School security on a tight budget

Security for All

Detroit schools reduce theft, vandalism with proven security solution despite tight budget

Detroit public schools have been contending with nearly insurmountable financial issues and declining enrollment that is believed to be the trickle-down effect of the poor economy. Michigan Gov. Jennifer Granholm appointed an emergency financial manager to fix the district's finances, which led to the closing of 29 schools and the massive overhaul of others.

Rampant theft and vandalism demanded an immediate solution to protect the vacant buildings and property under renovation. Budget realities meant traditional CCTV surveillance systems were simply too expensive. DPS wanted something different than watching video recordings of yesterday's crimes; they wanted to stop the losses, catch the criminals in the act and send a message to the community that things were improving.

Unprecedented Crime

Detroit Public Schools is one of the larger school systems in the country, with more than 190 schools and 90,000 students. Despite the fact that the district has its own police force, there simply are not enough officers to cover all the buildings.

Their vacant property and schools in the process of being renovated became magnets for crime. While vandalism has always been an issue, things escalated to an unprecedented scale. Thieves were targeting the utility room and would cut all power and communications lines. Groups of men systematically "mined" the closed school buildings for copper and anything of value, including plumbing fixtures and lighting.

Sledgehammers were used to break large holes in the walls to remove sections of copper pipe. Heating and plumbing fittings were cut away, and wiring was ripped from the walls.

Gaining Control

The crimes increased to the point that in certain buildings, DPS was forced to post its own officers to spend nights patrolling inside the buildings. DPS had used surveillance cameras and DVRs to secure some buildings, but these systems cost more than $100,000 per school and did a poor job preventing vandalism.

In most instances, videos were reviewed after the damage had been done with few intruders identified—and even fewer arrested. With finances tight, school officials thought finding effective and affordable solutions and catching the perpetrators seemed unlikely.

Under pressure from mounting damage and potential liability, Mark K. Schrupp, the district's executive director of facilities management and auxiliary services, began researching various options and discovered a wireless video security system called Videofied that seemed promising. With this system, the goal was not only providing high-resolution video but arresting intruders. In addition, securing a building with the Videofied system was affordable.

Battery-powered MotionViewers are the key to the system. They are wireless devices equivalent to the size of a coffee cup that combine a passive infrared motion detector with a digital camera and illuminators for night vision. The cordless Videofied system functions for up to four years on a set of batteries in normal use. When a vandal trips the sensor, the MotionViewer sends a 10-second clip of the intrusion over the cell network to the central station for immediate review and dispatch. DPS liked the fact that the system could be installed anywhere, regardless of AC power or broadband access.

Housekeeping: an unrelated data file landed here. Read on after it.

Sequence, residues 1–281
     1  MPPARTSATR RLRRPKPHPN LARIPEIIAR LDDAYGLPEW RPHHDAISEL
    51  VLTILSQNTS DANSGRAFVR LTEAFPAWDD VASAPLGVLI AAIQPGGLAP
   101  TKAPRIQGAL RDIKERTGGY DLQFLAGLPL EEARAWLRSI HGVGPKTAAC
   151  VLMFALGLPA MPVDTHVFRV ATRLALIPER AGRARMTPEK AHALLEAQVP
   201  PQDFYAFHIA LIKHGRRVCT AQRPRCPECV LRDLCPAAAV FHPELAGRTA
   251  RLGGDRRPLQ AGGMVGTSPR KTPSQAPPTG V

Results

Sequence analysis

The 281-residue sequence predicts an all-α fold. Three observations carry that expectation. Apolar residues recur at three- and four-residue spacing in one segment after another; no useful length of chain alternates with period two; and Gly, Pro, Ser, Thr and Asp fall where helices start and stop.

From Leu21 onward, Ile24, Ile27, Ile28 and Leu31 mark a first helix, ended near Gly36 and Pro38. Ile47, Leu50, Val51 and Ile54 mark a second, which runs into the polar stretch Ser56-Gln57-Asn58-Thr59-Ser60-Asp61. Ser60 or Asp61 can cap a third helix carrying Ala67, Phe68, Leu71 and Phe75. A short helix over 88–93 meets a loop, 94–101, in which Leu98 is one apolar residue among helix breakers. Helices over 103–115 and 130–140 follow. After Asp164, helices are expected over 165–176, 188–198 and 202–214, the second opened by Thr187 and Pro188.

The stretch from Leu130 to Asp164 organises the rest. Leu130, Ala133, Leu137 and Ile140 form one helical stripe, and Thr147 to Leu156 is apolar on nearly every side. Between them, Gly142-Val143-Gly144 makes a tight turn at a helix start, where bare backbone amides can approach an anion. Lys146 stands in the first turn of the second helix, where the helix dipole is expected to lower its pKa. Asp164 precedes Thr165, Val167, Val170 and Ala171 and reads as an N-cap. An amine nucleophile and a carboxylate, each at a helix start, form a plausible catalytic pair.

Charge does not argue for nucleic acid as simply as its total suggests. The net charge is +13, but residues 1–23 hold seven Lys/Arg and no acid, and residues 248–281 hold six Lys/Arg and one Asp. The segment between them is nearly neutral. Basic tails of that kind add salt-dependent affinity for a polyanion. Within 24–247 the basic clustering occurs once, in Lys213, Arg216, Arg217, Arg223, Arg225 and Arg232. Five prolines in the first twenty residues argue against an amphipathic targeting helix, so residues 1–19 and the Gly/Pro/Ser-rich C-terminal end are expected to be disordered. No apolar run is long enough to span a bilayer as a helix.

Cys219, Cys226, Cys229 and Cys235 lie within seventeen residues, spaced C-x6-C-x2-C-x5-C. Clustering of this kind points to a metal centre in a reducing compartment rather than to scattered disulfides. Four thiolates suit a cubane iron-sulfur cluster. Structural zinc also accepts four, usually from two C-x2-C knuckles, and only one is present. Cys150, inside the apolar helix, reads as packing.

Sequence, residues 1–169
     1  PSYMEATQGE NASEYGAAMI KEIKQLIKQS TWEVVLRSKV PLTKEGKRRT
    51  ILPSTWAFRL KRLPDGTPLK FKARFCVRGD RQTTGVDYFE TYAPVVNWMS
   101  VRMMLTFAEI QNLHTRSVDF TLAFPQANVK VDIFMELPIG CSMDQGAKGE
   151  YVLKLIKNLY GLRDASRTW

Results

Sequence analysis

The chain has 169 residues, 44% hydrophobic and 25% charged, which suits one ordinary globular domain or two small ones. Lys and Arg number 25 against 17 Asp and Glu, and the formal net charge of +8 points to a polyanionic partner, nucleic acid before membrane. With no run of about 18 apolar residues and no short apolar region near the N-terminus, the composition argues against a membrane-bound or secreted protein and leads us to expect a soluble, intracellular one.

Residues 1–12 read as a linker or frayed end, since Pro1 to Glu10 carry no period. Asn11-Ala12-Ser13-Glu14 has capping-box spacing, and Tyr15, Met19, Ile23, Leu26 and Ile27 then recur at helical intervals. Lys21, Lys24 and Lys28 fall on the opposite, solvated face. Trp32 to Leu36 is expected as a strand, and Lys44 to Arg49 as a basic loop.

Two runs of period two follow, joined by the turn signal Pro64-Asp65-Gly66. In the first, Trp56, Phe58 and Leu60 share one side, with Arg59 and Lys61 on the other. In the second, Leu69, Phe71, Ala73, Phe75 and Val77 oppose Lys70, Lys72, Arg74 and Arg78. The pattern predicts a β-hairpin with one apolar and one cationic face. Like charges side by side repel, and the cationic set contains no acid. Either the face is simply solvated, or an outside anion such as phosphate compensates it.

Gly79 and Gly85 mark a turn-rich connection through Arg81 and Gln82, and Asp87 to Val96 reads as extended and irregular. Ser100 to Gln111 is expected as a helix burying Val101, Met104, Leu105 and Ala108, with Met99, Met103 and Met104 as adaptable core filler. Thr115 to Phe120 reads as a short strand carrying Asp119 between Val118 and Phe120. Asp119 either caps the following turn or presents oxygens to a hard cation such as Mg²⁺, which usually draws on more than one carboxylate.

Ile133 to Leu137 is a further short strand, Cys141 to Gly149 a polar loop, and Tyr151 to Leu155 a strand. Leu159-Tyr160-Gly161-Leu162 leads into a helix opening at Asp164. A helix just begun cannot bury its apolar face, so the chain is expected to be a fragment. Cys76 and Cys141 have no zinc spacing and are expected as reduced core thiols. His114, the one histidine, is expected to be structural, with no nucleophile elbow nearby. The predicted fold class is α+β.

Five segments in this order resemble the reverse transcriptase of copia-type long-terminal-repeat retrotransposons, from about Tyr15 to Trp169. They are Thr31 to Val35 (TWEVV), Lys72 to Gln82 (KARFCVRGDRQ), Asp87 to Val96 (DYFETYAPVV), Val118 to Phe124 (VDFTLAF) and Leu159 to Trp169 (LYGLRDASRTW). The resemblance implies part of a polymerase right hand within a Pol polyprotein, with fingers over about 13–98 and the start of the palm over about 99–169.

Another valued feature was the ability to move viewers as needs evolved in the district. DPS sought proposals from reputable integrators and chose D/A Central Inc. of Oak Park, Mich., which is part of the PSA Security Network, a national organization of top security integrators.

As part of the contract, D/A Central conducted the site surveys, coordinated the installation and provided monitoring of the completed systems.

"We were concerned, however, that a single panel/hub would not provide sufficient radio range in these large school properties," said Dave Shelton, president of D/A Central. "Would we need multiple systems in each school?"

Sending a Message

Within two weeks of receiving the contract, the first systems went live.

"The performance of the Videofied wireless has been outstanding," said Jake Purcell, project manager for D/A Central. "Except for one property, we have been able to cover every school with a single wireless panel, using a battery-powered communicator with a cell modem."

Within three days of installation, the new system proved to be effective. On a Wednesday night, six youths broke in a school carrying sledgehammers. The MotionViewer instantly sent a 10-second video clip of the intrusion to D/A Central's monitoring station; the operator saw the intruders and dispatched police, who arrested the teens.

Two more break-ins occurred the following week. Each time, the central station operator saw the intruders via the video clip and police were dispatched. In the first four weeks, DPS made more than 45 arrests.

DPS has demonstrated that success is possible on a budget. They are expanding Videofied into other areas of the school system to address security concerns. Law enforcement strongly supports the solution, and they are publicizing the arrests to send a message to the surrounding community.

"Don't steal here, or we will catch you and prosecute to the fullest extent of the law." Shelton said.


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